On the Pleasures of Anime


(AZUMANGA Daio) Hilarious hijinks in a half hour. (Picture sourced from Google.)

It’s strange that it’s taken me all this time to finally post an entry about anime. I’ve wanted to for a long time, but never quite knew how to begin (where, after all, can one intelligibly start when it comes to a subject that exercises one’s passions?).

I first discovered anime when I was in high school, and since then I’ve come to believe that a correlation exists between a person’s introspective tendencies and their preference for this Japanese art form. (Okay fine, there’s much of it that doesn’t qualify as art, but the minority that does arguably redeems the lot). It takes a genre of mind-bending elasticity to satisfy the imaginative excesses of people who spend an inordinate amount of time in their heads, and anime fits the bill with its usual abandonment of film’s default adherence to the conventions of realism. (Where else, for instance, would you find a teardrop used so effectively as an emotional barometer?)

I’m far from being an expert on the genre, however, having neither the time nor the resources to keep myself up to date on its voluminous releases. But when I do indulge in watching a series or two, I can spend two days straight watching back-to-back episodes, and another two days straight expelling the story’s psychic residues from my system. (I wonder if this happens to other people too: getting so caught up in a narrative’s characters and setting that they’re all you can think and dream about for days.)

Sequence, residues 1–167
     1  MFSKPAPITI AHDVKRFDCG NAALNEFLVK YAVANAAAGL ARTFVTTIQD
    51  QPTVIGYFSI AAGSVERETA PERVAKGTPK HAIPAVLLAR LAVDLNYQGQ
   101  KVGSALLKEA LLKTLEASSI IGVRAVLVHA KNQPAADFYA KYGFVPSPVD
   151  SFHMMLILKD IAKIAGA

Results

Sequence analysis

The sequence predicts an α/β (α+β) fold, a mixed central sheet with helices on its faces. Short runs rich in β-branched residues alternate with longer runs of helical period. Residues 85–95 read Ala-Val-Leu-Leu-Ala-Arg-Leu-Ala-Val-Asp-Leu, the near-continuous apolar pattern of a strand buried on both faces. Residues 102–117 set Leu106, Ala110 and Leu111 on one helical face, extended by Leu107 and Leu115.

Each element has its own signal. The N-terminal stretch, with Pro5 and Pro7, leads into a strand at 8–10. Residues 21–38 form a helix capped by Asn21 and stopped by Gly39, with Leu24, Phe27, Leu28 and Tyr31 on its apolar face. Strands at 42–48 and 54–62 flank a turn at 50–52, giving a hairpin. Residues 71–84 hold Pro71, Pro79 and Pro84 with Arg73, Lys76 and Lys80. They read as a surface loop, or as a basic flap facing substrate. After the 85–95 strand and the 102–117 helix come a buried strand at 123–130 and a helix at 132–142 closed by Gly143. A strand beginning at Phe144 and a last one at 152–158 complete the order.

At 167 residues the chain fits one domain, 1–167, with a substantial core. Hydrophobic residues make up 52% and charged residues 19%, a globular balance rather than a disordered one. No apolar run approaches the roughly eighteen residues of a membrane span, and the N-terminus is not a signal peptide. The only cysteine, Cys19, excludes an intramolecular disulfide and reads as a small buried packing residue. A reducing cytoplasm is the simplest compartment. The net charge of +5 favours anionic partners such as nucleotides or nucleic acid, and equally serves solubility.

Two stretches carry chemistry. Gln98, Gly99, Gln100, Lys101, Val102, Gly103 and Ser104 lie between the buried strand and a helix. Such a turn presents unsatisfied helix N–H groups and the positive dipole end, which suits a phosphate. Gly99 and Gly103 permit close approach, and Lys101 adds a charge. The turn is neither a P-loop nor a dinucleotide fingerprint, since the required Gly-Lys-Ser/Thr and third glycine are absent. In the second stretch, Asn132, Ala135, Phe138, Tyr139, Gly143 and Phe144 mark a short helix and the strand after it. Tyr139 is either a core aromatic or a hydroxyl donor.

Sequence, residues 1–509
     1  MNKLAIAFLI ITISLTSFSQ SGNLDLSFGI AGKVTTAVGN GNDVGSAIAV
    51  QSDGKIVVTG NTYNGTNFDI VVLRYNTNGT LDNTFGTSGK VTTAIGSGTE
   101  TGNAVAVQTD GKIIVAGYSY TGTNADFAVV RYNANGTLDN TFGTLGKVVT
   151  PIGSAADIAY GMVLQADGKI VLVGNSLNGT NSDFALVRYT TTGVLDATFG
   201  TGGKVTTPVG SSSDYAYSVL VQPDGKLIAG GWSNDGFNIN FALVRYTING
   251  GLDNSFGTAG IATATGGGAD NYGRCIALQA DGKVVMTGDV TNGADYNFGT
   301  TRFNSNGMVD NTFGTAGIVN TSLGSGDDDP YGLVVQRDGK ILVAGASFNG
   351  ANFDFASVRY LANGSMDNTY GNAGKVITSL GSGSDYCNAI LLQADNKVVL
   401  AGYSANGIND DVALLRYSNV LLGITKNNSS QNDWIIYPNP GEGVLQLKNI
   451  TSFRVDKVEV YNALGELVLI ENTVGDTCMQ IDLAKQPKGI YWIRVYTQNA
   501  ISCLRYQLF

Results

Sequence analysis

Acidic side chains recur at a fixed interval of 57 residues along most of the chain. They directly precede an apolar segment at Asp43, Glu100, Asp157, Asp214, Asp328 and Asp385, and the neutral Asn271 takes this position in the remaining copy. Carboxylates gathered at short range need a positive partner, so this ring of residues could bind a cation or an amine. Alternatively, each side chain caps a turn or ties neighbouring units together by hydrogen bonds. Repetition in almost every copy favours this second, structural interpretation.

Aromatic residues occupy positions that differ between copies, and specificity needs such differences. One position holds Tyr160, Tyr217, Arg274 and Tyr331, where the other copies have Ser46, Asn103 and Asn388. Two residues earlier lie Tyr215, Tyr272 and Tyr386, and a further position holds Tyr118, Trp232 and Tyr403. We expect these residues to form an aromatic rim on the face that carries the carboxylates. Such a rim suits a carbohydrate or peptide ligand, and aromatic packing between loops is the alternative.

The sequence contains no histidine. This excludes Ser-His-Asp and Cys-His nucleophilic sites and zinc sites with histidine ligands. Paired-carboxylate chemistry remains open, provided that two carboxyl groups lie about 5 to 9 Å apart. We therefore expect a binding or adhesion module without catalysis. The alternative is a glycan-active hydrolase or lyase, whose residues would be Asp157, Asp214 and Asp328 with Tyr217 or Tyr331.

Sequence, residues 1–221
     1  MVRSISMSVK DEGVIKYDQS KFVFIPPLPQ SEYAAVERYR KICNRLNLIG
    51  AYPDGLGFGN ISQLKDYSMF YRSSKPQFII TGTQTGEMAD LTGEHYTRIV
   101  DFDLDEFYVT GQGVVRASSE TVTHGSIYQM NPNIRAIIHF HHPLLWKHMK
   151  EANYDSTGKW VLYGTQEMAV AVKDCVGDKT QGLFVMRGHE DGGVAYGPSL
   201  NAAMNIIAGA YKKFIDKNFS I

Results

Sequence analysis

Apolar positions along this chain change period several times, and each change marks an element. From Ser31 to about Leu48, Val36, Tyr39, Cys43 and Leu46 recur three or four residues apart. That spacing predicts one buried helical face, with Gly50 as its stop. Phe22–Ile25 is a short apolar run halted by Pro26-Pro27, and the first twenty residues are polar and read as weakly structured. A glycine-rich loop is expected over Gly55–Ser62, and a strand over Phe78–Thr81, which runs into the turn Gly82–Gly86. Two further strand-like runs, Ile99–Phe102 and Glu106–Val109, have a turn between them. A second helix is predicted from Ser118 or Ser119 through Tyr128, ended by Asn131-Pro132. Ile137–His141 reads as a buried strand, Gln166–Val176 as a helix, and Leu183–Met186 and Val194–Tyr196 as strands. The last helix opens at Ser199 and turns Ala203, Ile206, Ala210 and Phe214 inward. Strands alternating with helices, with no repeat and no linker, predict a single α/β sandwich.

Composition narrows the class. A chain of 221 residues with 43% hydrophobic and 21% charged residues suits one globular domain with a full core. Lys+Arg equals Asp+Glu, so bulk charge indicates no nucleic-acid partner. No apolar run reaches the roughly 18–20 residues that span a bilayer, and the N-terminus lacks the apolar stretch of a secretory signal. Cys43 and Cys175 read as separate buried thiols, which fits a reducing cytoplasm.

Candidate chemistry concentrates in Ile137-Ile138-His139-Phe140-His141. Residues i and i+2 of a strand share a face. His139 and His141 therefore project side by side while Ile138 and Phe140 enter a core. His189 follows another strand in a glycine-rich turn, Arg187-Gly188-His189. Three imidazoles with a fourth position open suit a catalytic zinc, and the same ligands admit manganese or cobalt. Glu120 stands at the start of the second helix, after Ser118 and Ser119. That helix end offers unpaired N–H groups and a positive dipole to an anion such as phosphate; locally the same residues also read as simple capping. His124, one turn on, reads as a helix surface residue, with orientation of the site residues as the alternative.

In any case, because it seems rather anticlimactic to talk about anime without mentioning specific favorites within the genre, here are a few of mine:

Azumanga Daio. Originally a manga created by Kiyohiko Azuma, Azumanga Daio was adapted and released as an anime series in 2002. An endearingly eccentric cast combined with an episodic storyline marked by frequent forays into the absurd makes this my favorite anime series of all time. It’s just so . . . silly. And so cute! (Chiyo-chan, kawaii!!!)

Mushishi. Originally a manga written and illustrated by Yuki Urushibara, Mushishi was adapted and released as an anime series in 2005. Absolutely gorgeous visuals, a melancholic air and stories rooted in the supernatural make this a classic in my list.

Nodame Cantabile. Originally a manga written by Tomoko Ninomiya, Nodame Cantabile was adapted and released as an anime series in 2007. An eccentric love story combined with enough classical music to put Fantasia to shame makes this one of my top anime series ever.

Samurai Champloo. Created and directed by Shinichirō Watanabe, the maker of Cowboy Bebop, Samurai Champloo makes my list on the basis of sheer style alone. It doesn’t have the charm of Azumanga Daio, the atmosphere of Mushishi or the humor of Nodame Cantabile, but it’s very pretty to look at all the same.

Anything by Hayao Miyazaki. Hayao Miyazaki is God—and his creations transcend the genre of anime itself. I’m not even talking about his blockbuster successes here (an impressive collection that includes Princess Mononoke, Spirited Away and Howl’s Moving Castle). If all Miyazaki did was to produce My Neighbor Totoro (Tonari no Totoro in Japanese), he would have already bequeathed a sizeable legacy.

I’ll let you know if I think of anything else.

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